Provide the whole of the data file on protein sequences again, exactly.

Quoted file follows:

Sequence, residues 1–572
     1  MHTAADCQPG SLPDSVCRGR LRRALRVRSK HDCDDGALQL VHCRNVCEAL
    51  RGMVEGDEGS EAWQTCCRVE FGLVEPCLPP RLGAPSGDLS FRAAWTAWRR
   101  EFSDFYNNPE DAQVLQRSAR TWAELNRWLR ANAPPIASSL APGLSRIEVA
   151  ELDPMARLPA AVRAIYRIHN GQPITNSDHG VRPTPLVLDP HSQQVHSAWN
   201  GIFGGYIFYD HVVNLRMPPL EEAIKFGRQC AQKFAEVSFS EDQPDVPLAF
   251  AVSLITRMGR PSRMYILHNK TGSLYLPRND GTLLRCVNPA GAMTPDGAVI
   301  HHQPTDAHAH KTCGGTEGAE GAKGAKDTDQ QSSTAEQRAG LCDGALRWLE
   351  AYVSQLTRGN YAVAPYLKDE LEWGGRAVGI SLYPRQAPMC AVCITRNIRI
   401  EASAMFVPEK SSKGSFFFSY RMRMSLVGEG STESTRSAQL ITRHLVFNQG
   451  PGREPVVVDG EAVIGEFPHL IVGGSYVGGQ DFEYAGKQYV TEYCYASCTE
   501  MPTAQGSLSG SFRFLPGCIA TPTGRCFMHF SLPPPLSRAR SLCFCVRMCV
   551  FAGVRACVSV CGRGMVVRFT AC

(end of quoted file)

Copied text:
Sequence, residues 1–572
     1  MHTAADCQPG SLPDSVCRGR LRRALRVRSK HDCDDGALQL VHCRNVCEAL
    51  RGMVEGDEGS EAWQTCCRVE FGLVEPCLPP RLGAPSGDLS FRAAWTAWRR
   101  EFSDFYNNPE DAQVLQRSAR TWAELNRWLR ANAPPIASSL APGLSRIEVA
   151  ELDPMARLPA AVRAIYRIHN GQPITNSDHG VRPTPLVLDP HSQQVHSAWN
   201  GIFGGYIFYD HVVNLRMPPL EEAIKFGRQC AQKFAEVSFS EDQPDVPLAF
   251  AVSLITRMGR PSRMYILHNK TGSLYLPRND GTLLRCVNPA GAMTPDGAVI
   301  HHQPTDAHAH KTCGGTEGAE GAKGAKDTDQ QSSTAEQRAG LCDGALRWLE
   351  AYVSQLTRGN YAVAPYLKDE LEWGGRAVGI SLYPRQAPMC AVCITRNIRI
   401  EASAMFVPEK SSKGSFFFSY RMRMSLVGEG STESTRSAQL ITRHLVFNQG
   451  PGREPVVVDG EAVIGEFPHL IVGGSYVGGQ DFEYAGKQYV TEYCYASCTE
   501  MPTAQGSLSG SFRFLPGCIA TPTGRCFMHF SLPPPLSRAR SLCFCVRMCV
   551  FAGVRACVSV CGRGMVVRFT AC